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Am Fam Physician. 2011;83(3):307-308

Author disclosure: Nothing to disclose.

A 66-year-old man presented with a red, scaly, mildly pruritic skin rash that had persisted for five years. It started on his left big toe and progressed to his legs and inner arms. The rash did not respond to topical or systemic terbinafine (Lamisil) or itraconazole (Sporanox). He was otherwise healthy without constitutional symptoms, and had not started any new medications recently. Physical examination revealed large annular, erythematous patches with central clearing and an inner ring of scaling. Lesions were present on the left inner arm (Figure 1) and left medial thigh (Figure 2). Two smaller patches were present on the left buttock and right posterior thigh. The soles, palms, and nails were unaffected. Findings from potassium hydroxide (KOH) skin preparations were negative. Skin biopsy revealed epidermal spongiosis, superficial perivascular lymphocytic infiltrate without epidermotropism, and negative findings on a periodic acid-Schiff stain.

Question

Based on the patient's history and physical examination, which one of the following is the most likely diagnosis?

Discussion

The answer is A: erythema annulare centrifugum. Patients with erythema annulare centrifugum classically present with erythematous, annular or arcuate (curved) patches on the trunk or proximal extremities. The lesions expand with central clearing, and scaling is present at the trailing edge of the erythema. The disorder is often pruritic and tends to spare the palms, soles, and mucosa. Patients with erythema annulare centrifugum have negative findings on KOH preparations, and the condition typically does not respond to antifungal therapy.1

Erythema annulare centrifugum is usually associated with epidermal spongiosis and superficial perivascular lymphocytic infiltrates. The histology is relatively nonspecific. Biopsy can rule out other diagnoses, such as tinea corporis, subacute cutaneous lupus erythematosus, or mycosis fungoides.1 Erythema annulare centrifugum may have a histologic reaction pattern suggestive of tumid lupus; spongiotic dermatitis; or pseudolymphoma, which has been associated with Borrelia species in Europe.2 Erythema annulare centrifugum is usually idiopathic.1 Treatment with potent topical steroids is the mainstay of therapy, but calcipotriol (called calcipotriene [Dovonex] in the United States)3 and metronidazole (Metrogel)4 have also been used.

Granuloma annulare presents as smooth, nonscaling, annular or arcuate, indurated plaques.5 The plaques typically occur on the extremities, alone or in groups.

Mycosis fungoides often presents as erythematous patches or plaques on the trunk or sun-protected skin, but usually lacks central clearing. Lesions often persist for many years.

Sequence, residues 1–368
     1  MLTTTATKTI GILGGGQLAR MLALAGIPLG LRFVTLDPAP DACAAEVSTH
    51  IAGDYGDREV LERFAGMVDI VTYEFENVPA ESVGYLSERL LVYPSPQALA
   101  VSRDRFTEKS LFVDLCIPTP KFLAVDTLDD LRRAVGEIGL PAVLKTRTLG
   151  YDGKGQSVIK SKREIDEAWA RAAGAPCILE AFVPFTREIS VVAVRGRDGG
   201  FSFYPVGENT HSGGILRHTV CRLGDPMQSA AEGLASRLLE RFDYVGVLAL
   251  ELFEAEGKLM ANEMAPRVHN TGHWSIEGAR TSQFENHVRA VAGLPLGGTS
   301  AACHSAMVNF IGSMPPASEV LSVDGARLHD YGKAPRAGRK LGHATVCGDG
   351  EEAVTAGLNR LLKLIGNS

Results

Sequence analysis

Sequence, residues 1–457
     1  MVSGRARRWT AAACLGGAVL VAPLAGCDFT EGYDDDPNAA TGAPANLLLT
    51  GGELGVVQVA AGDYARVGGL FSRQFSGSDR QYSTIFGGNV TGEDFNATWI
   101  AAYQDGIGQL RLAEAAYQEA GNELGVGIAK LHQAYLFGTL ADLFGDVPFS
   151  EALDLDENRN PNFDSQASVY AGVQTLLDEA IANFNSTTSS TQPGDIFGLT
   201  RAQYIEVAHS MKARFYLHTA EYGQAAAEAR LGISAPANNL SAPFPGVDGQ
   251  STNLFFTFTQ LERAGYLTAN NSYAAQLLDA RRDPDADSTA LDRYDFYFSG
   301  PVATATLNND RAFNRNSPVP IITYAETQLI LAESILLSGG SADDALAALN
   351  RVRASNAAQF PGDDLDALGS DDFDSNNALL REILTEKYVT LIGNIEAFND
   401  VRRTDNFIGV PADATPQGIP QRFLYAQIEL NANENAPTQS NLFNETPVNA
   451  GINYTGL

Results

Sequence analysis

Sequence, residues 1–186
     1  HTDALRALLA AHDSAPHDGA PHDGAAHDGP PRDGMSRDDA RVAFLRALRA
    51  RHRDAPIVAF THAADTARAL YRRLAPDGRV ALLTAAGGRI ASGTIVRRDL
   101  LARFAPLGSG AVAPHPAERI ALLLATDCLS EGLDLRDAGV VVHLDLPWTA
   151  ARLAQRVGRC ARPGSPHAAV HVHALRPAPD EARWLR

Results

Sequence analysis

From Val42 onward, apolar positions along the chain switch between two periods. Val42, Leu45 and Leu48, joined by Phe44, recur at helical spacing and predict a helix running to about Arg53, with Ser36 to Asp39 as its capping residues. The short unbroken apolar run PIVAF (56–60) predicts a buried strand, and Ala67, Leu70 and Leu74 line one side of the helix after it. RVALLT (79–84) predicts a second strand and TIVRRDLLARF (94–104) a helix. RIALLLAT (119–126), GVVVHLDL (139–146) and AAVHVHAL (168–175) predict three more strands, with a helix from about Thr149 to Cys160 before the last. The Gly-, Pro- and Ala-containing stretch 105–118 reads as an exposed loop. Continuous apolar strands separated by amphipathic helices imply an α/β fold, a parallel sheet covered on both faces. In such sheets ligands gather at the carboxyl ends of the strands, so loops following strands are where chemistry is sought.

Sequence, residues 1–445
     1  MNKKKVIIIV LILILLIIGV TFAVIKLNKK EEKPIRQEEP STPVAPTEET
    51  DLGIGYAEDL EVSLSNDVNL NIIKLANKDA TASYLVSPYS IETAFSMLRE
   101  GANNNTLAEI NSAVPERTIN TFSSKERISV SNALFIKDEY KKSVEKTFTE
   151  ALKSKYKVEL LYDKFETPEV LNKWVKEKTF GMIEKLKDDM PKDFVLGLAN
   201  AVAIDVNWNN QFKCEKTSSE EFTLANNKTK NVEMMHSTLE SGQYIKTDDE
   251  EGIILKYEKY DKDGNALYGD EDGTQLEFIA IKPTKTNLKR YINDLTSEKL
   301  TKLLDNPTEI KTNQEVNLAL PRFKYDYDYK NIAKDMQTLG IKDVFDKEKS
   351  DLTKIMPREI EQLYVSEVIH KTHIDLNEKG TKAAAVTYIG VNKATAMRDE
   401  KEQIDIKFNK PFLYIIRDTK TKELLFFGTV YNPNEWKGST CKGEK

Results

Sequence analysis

Pityriasis rosea begins with a herald patch that can appear as an erythematous annular lesion, but the subsequent patches develop in a symmetric “Christmas tree” pattern.5 Patients with the condition often have a widespread truncal distribution of oval, salmon-colored patches with collarettes of scaling. Pityriasis rosea is more common in patients younger than 35 years and occurs along skin tension lines on the central trunk. It usually resolves within months.

Tinea corporis is much more common than erythema annulare centrifugum. The condition leads to erythematous, annular patches on the trunk or extremities. Scaling occurs at the leading edge of the lesions, as opposed to the trailing edge with erythema annulare centrifugum. A KOH preparation or fungal culture should be performed to confirm dermatophyte infection. Extensive tinea corporis may require oral terbinafine.5 When suspected dermatophyte infections do not respond to standard treatments, alternative diagnoses should be considered. A skin biopsy may be required to rule out the other conditions.

ConditionCharacteristics
Erythema annulare centrifugumErythematous, annular or arcuate (curved) patches on trunk or proximal extremities; central clearing; scaling at the trailing edge of the erythema
Granuloma annulareSmooth, nonscaling, annular or arcuate, indurated plaques; lesions typically occur on the extremities, alone or in groups
Mycosis fungoidesErythematous patches or plaques on trunk or sun-protected skin; usually lacks central clearing; often persists for many years
Pityriasis roseaWidespread truncal distribution of oval, salmon-colored patches with collarettes of scaling; lesions occur along skin tension lines on the central trunk
Tinea corporisErythematous, annular patches on trunk or extremities; central clearing; scaling at leading edge

The editors of AFP welcome submissions for Photo Quiz. Guidelines for preparing and submitting a Photo Quiz manuscript can be found in the Authors' Guide at https://www.aafp.org/afp/photoquizinfo. To be considered for publication, submissions must meet these guidelines. Email submissions to afpphoto@aafp.org.

This series is coordinated by John E. Delzell Jr., MD, MSPH, associate medical editor.

A collection of Photo Quiz published in AFP is available at https://www.aafp.org/afp/photoquiz

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